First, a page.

A hundred years of Waldorf education is based on the work of tens of thousands of personalities who throughout their life devoted their energy to this idea. They also formed the foundation for this great movement. This initiative is intended to commemorate and thank them. Deeply rooted with widely spreading branches, the tree is a symbol of life as such. It combines past with future development – in gratitude for their durability, loyalty and hope.

We call on pupils, parents and teachers to plant a tree for the deceased as part of the year of celebration in 2019. This can be done in many different ways, for example as a free-standing tree, a group of trees, an avenue or a copse. Lend a hand to  make a mark, to plant a living memorial for names, a memorial  which can be understood as a gesture of “growing towards one another and together”. For further information and help contact LAG Baden-Württemberg, Libanonstr. 3, 70184 Stuttgart or send an email to info(at)waldorf-bw.de

Andreas Stohlmann

About the author: Andreas Stohlmann is a class teacher at the Schwäbisch Hall Free Waldorf School

Star run

Eighteen Waldorf schools and four Waldorf training establishments in Berlin and Brandenburg will participate on 9 September 2019 in a run to the centre of the city – the Brandenburg Gate in Berlin-Mitte.

They will come from all points of the compass and flow together into a great river in order then to greet and develop an awareness of one another. Every school will present something about themselves at the destination which they would like to show in public.

The Cottbus Free Waldorf School is the furthest away. More than 120 kilometres have to be covered to the Brandenburg Gate, something that cannot be managed on foot. But it can be turned into an excursion in which part of the way is run. In contrast, it is a mere stone’s throw for the Berlin-Mitte Free Waldorf School, something about which the runners are almost a little bit disappointed. Most of the schools are between twelve and twenty-five kilometres distant and will decide for themselves how they will manage that: perhaps using the assistance of a bicycle or maybe also a bus or train. The important thing is to be involved and come together! The run on 9 September forms the start of the two-week central events in the region for Waldorf 100.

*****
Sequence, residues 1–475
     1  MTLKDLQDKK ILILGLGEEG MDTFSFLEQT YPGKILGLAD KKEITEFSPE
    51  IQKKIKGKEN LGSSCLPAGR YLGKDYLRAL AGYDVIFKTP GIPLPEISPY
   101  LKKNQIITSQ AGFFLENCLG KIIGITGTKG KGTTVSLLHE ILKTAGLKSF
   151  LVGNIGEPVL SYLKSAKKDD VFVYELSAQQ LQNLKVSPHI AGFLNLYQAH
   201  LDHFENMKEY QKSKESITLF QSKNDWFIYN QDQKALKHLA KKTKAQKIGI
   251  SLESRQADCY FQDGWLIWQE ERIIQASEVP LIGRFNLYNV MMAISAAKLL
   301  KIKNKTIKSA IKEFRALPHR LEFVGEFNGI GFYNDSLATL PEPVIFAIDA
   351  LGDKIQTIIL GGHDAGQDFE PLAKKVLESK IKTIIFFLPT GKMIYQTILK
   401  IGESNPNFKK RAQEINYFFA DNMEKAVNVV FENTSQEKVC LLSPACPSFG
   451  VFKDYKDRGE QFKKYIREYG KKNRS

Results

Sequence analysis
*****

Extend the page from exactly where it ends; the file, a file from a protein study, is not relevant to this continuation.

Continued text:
But there are also various projects spread over the whole of 2019 so that overall it will be a very special year. Coming together to the centre from the periphery also reflects the overall situation well for we are already learning to know one another better through the preparations for this special anniversary year. The people delegated by the individual schools to meet monthly and have an overview of the preparations as a whole form a working group. In addition, specialist conferences came about which did not exist in this form before. A model for us were the eurythmists who have managed for almost twenty years to organise a joint performance each year with contributions from the upper schools of the Berlin and Brandenburg schools. That made us think, this also has to be possible in other subjects! Thus we will bring together a performance of the class plays in two marquee projects and stage musical contributions from several schools in a joint performance.

The joint preparations followed by the celebrations themselves for the hundredth anniversary provide a very good basis for working on the future together – because in future doing things together will be more necessary than ever.

Dorothee Kionke, Landesarbeitsgemeinschaft Berlin-Brandenburg